Published: Fri, April 12, 2019
Global News | By Blake Casey

Airbnb drops ban on listings of Jewish-owned properties in West Bank

Airbnb drops ban on listings of Jewish-owned properties in West Bank

In a major defeat for the anti-Semitic Boycott, Divestment, and Sanctions (BDS) movement, home-sharing platform Airbnb announced Tuesday that it will back off of a plan to remove all listings of rentals in Israeli towns in the West Bank.

Like in the West Bank, it said profits from these listings will be donated to non-profit organizations around the world.

The San Francisco-based company said it would allow listings throughout the West Bank but donate any profit it generated to "organisations dedicated to humanitarian aid that serve people in different parts of the world".

According to the Jewish Telegraphic Agency, Airbnb will now allow rentals in both the Palestinian areas and Israeli settlements in the West Bank.

The ban brought intense worldwide responses, including sanctions from Florida and several of its cities, since the company announced in November that, in recognition of the disputed nature of the West Bank territories, it would no longer do business with Jewish-owned properties there.

That policy, announced in November 2018, had banned Jewish property owners in Judea and Samaria from listing properties on Airbnb, while allowing Muslim and Christian property owners to list properties in the same area. "Airbnb's commitment to bar rentals in certain Israeli locales was completely discriminatory and fostered further support for the antisemitic BDS movement", stated NCYI President Farley Weiss.

Airbnb has "settled all lawsuits that were brought by hosts and potential hosts and guests who objected" to its West Bank policy, the company said.

"We are gratified that the legal process has worked and that as a result of the case we filed Airbnb came to recognize the mistake it had made and changed their policy", Tolchin added.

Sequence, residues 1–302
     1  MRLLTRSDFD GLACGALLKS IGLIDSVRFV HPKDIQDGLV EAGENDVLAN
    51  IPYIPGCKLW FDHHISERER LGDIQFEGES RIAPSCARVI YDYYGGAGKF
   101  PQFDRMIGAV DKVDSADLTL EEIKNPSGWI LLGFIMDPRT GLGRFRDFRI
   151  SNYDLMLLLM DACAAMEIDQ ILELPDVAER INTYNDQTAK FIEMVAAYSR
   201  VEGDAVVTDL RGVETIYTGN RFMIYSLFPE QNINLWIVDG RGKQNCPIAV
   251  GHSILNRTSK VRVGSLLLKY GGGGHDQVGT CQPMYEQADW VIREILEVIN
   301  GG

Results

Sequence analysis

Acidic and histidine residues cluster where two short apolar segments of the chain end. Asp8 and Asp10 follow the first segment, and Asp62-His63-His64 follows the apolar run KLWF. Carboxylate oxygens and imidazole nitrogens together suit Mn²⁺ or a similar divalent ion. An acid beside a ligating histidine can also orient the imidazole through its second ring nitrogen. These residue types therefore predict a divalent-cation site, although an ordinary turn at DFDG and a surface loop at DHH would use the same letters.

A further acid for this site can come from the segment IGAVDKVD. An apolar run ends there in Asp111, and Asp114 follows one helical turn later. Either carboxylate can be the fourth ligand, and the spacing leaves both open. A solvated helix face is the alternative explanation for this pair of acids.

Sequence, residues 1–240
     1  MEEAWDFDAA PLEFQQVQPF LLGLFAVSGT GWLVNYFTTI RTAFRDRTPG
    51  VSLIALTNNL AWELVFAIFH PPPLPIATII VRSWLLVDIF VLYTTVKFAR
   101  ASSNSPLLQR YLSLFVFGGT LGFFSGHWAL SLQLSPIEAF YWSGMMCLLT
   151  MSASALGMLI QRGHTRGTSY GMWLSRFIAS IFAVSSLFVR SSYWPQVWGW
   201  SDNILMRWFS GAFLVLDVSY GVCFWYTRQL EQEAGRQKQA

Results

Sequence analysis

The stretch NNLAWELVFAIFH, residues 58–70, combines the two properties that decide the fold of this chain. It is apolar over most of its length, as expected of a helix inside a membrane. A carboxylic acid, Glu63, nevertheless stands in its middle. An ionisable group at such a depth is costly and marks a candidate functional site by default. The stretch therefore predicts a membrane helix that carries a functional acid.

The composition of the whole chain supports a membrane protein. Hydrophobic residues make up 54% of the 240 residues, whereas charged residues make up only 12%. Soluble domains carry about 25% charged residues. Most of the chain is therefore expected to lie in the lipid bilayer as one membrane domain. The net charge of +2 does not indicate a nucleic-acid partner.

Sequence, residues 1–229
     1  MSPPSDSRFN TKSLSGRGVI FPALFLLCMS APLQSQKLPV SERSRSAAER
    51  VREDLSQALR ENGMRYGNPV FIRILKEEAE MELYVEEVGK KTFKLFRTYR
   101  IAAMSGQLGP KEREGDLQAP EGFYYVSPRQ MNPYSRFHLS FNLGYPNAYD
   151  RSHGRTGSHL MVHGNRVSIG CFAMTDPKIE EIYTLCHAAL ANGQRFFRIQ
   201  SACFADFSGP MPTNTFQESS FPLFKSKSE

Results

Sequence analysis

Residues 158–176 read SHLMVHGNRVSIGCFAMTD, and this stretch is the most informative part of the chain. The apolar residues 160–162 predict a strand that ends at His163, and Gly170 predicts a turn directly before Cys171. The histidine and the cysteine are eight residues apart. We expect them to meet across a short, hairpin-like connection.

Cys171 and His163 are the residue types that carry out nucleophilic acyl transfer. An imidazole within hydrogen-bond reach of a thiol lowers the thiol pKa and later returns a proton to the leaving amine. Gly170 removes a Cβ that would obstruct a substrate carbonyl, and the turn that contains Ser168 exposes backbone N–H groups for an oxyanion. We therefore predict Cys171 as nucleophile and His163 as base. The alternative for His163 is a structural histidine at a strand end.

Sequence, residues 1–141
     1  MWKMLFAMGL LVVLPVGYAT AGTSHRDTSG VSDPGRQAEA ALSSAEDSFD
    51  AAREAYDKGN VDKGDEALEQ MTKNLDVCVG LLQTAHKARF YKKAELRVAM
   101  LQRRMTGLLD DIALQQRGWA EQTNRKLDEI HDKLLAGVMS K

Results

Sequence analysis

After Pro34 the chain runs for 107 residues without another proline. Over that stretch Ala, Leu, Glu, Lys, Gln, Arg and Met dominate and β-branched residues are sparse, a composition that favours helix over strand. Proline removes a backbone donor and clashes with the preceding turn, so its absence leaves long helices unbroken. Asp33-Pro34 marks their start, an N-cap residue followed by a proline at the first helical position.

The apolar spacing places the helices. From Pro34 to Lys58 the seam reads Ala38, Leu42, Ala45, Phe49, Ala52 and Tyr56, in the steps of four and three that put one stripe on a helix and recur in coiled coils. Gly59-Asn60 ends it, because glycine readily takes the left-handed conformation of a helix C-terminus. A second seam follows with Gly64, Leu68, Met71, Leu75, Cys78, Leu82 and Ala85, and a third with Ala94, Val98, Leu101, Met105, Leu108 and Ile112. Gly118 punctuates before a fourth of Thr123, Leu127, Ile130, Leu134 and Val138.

During the course of the almost 52-year Israeli military occupation, more than 50,000 Palestinian homes and structures have been demolished, and tens of thousands of Palestinians have been forcibly removed.

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Image copyright Getty Images Image caption The settlements are considered illegal under global law, although Israel disputes this. The US Campaign for Palestinian Rights released a statement calling the decision "shameful" and "a blatant attempt to whitewash reality".

The decision would have affected around 200 homes in Israeli settlements that had been listed on the platform.

Recently, Israeli authorities forced a Palestinian man to demolish his family's West Bank home or face massive fines, Sputnik reported.

Critics charged the company engaged in activities perceived as part of the anti-Israel "boycott, divestiture and sanctions" movement, or BDS.

Israel captured the West Bank in the 1967 Middle East war.

Arvind Ganesan, a director at Human Rights Watch, called the company's reversal "disappointing" and suggested its offer to donate profits falls short. Airbnb's decision to retract its policy and adopt instead a neutral policy that treats people of all religions the same was the correct decision.

In December, Airbnb denied reports that it had reversed the policy.

'By continuing to do business in settlements, they remain complicit in the abuses settlements trigger'.

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